Pop Culture Smackdown: Polar Bears vs. Penguins!
PICTURE BOOKS (FICTION)
Penguins: The aquatic birds have taken lead roles is some of the best picture books of the last decade: The brilliant and museum-worthy "Lost and Found" by Oliver Jeffers; Antionette Portis's minimalist masterpiece, "A Penguin Story"; the bizarrely funny "Penguin" by Polly Dunbar; and the highly original math fable from Jean-Luc Fromental, "365 Penguins." Perhaps it is the penguins' black-and-white coloring that makes it so well suited to avant-garde artwork.
Polar Bears: But the big furry guys have headed up perhaps even more picture recent books. We've got Lauren Thompson's deservedly lauded "Polar Bear Night"; Jeff Mack's cute "Hush Little Polar Bear"; the amiable "Sweet Dreams, Polar Bear" by Mindy Dwyer; and "Goodnight, Lars" from Hans de Beer's Little Polar Bear series. Why are these stories all about polar bears going to sleep? Are these writers trying to tell us something? Anyway, there are over a dozen books in de Beer's Little Polar Bear series alone, plus Daniel Pinkwater's fun Irving & Muktuk series about two badly behaved polar bears (a refreshing change of pace), and Jan Brett's arctic reimagining of the Goldilocks tale, "The Three Snow Bears."
Results: The penguins might have a slight edge on quality, but the bears have the quantity. TIE!
PICTURE BOOKS (NONFICTION)
Penguins: Outside of your general "this is what a penguin is" books, the majority of penguin books tend to focus on one particular issue, which you can tell from titles like these: "These Birds Can't Fly"; "Why, Why, Why Can't Penguins Fly?"; and "I Wonder Why Penguins Can't Fly."
Polar Bears: The bears have a surprisingly more diverse set of titular topics: "A Polar Bear Can Swim"; "How to Hide a Polar Bear"; "Do Polar Bears Snooze in Hollow Trees?"; and, sadly, "Polar Bear, Why is Your World Melting?" In fact it's the number of books about global warming that put this one over the edge for the bears. Although we do at least have a couple of nonfiction titles about that adorable German zoo cub, "Knut."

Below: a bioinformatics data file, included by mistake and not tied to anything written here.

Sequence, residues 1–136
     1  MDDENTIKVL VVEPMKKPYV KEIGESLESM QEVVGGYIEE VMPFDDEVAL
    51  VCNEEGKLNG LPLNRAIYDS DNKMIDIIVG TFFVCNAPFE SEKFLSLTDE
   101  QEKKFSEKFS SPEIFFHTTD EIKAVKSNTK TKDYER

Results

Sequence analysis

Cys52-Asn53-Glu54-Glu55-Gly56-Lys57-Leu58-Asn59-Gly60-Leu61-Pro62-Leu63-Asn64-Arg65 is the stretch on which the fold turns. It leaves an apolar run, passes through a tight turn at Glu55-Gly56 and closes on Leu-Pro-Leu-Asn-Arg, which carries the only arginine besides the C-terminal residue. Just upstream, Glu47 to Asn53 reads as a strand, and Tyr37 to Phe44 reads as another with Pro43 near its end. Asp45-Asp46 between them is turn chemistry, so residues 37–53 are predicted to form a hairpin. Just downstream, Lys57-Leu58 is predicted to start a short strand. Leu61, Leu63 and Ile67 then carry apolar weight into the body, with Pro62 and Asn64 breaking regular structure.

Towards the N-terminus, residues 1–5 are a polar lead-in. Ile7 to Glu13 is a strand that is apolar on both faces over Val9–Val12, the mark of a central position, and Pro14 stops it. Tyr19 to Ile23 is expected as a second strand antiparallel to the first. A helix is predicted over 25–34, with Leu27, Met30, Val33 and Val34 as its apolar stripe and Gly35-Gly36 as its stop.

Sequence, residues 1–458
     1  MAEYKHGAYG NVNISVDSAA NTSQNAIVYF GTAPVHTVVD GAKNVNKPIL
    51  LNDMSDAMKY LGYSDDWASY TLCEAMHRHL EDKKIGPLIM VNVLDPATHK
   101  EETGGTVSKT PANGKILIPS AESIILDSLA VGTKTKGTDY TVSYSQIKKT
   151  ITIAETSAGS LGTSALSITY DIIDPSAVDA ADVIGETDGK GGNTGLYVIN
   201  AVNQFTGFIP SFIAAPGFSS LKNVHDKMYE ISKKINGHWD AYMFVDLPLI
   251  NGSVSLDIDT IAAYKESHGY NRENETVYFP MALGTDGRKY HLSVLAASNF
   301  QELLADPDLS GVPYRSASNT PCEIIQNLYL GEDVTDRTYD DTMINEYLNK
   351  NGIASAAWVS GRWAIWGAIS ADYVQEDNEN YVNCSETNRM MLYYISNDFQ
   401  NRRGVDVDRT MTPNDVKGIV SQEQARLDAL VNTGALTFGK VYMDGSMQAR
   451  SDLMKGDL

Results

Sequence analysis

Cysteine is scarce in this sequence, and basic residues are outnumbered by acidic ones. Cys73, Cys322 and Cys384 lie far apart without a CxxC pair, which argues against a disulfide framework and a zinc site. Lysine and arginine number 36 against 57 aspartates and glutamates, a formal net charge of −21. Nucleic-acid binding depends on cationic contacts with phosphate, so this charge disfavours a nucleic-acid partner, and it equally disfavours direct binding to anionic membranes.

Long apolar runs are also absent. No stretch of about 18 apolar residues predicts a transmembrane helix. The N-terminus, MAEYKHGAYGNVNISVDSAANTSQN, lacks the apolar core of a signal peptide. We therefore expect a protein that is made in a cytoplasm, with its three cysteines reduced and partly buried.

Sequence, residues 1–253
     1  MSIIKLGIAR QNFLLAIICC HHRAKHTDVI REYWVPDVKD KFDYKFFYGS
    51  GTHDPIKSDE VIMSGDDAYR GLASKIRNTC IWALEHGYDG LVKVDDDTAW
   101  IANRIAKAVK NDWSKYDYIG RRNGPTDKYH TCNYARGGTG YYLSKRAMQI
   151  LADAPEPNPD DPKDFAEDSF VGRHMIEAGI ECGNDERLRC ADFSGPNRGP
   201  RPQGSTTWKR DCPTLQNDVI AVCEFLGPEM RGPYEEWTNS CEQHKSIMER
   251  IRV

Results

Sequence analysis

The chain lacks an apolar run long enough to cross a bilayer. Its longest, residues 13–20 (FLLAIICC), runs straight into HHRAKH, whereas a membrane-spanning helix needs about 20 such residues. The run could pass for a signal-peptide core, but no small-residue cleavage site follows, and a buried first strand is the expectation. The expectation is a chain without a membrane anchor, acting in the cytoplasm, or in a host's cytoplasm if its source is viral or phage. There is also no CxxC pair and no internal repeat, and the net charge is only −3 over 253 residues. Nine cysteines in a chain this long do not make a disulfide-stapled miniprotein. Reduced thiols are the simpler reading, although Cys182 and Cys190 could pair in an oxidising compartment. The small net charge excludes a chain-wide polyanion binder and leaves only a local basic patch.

Results: POLAR BEARS!
Penguins: "March of the Penguins" was a cultural touchstone that people still reference five years later.
Polar Bears: "Arctic Tale" was a very good film, but didn't have half the pop culture impact of "March of the Penguins." And the polar bears had to share the movie with a walrus family.
Penguins: You've got the musical lovebirds of "Happy Feet," the rad dudes of "Surf's Up," the scheming soldiers of "Madagascar," and that cute little Wheezy from "Toy Story."
Polar Bears: You've got Iorek, the butt-kicking, armored warrior bear from "The Golden Compass."
Results: Iorek could probably eat all of those penguins, but you've got to go with the numbers. PENGUINS!
Penguins: On the small screen, we've got "The Penguins of Madagascar" (those guys again) and the space cadets of "3-2-1- Penguins."
Polar Bears: Well, there are those cuddly bears from the Coke ads, who, frankly, are more recognizable that the cast of "3-2-1 Penguins." And the brain-twisting appearance of those polar bears on "Lost" -- one of the few things about the show to get a complete explanation. Plus, this actual polar bear TV -- which is awesome.
Results: POLAR BEARS!
Penguins: At this point in time, the biggest pop culture presence for the birds may be in "Club Penguin" -- the mega-popular virtual world/online community for kids that has spawned its own video games, toys, and book series.
Polar Bears: And there's always the Polar Bear Club, a group of hairy, old guys who head to beaches on January 1st to jump into the freezing water for a rush.
Results: PENGUINS! Which means ...
Overall winner: PENGUINS!
Related: Top Teen Beach Reads: Which Should Scare You, Which Should You Borrow?
Start by teaching him that it is safe to do so.